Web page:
Distinguishing between partial-thickness burns and full-thickness burns indicates the critical decision making related to whether a patient can be allowed to heal on their own or if the wound should be surgically excised and replaced with a graft. Therefore, reliable burn prognostication is crucial in planning the safest and most cost-effective treatment for the patient. Over the course of the last several decades, many techniques have been proposed and used to determine burn depth; namely, laser Doppler imaging and thermogenic assessment.

Recently, indocyanine green (ICG), a fluorescent dye which is administered intravenously to measure tissue perfusion in real time, has been the focus of research regarding its efficacy in assessing burns. Studies have been conducted using rat, porcine, and human models. We have assessed and critically reviewed this literature to provide the burn community with a narrative of the promising potential of ICG to diagnose burn depth. ICG can measure perfusion instantaneously and in real time via video capture. This allows for evaluation of ICG uptake, standard state distribution, and clearance of the dye which with further study could increase the precision of the technique.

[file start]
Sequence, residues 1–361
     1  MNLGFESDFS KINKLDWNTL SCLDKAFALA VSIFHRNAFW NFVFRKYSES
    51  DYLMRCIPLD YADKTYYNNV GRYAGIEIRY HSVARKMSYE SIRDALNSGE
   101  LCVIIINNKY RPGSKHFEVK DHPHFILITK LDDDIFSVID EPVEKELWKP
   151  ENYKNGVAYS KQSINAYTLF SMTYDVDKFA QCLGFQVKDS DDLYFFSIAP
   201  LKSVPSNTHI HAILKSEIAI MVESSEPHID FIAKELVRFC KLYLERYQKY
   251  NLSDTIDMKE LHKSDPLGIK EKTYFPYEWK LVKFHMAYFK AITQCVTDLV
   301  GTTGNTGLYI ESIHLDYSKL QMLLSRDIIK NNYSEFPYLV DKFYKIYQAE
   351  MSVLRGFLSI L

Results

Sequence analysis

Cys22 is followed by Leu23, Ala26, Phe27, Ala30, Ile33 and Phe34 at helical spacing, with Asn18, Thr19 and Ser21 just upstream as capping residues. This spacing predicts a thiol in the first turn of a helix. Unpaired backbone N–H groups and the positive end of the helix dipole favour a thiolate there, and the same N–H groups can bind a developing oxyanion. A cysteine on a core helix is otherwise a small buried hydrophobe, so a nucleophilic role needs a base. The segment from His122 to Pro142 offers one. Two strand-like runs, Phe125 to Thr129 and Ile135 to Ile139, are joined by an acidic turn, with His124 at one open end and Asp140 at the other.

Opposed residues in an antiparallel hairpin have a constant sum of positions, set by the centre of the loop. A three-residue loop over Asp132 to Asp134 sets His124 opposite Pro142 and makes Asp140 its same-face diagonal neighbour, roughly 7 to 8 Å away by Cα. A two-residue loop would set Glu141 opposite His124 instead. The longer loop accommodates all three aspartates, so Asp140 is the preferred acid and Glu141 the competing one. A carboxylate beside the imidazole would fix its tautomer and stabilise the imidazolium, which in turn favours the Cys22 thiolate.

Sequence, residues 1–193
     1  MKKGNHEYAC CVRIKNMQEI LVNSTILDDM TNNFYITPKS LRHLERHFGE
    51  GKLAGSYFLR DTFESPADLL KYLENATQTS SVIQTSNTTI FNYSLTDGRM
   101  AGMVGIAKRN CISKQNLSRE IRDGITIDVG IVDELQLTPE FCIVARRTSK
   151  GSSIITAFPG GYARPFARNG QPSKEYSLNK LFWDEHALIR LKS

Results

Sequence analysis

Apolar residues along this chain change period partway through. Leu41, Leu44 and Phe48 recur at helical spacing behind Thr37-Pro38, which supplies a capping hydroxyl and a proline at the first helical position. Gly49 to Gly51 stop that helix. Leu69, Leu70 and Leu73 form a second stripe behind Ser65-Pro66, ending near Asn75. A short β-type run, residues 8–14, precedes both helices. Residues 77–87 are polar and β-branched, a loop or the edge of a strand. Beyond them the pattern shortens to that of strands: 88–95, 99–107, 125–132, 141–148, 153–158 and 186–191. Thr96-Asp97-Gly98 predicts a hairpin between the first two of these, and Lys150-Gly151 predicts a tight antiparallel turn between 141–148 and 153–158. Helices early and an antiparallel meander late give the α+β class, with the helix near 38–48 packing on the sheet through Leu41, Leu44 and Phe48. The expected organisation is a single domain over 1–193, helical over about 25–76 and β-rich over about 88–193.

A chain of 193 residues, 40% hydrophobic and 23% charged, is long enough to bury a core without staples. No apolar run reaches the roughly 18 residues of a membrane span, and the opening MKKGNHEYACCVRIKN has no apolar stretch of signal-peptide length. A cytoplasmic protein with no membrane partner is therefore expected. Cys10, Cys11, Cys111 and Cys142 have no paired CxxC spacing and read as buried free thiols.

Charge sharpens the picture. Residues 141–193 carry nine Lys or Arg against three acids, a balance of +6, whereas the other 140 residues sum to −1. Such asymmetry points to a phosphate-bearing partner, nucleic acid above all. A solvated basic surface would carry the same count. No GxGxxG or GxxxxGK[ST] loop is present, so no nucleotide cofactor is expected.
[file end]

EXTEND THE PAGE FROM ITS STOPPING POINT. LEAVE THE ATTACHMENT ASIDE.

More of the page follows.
In conclusion, ICG videoangiography shows a great deal of promise in being a particularly effective way of diagnosing burn depth and warrants further studies to investigate the best way for this technique to be used in a clinical setting.


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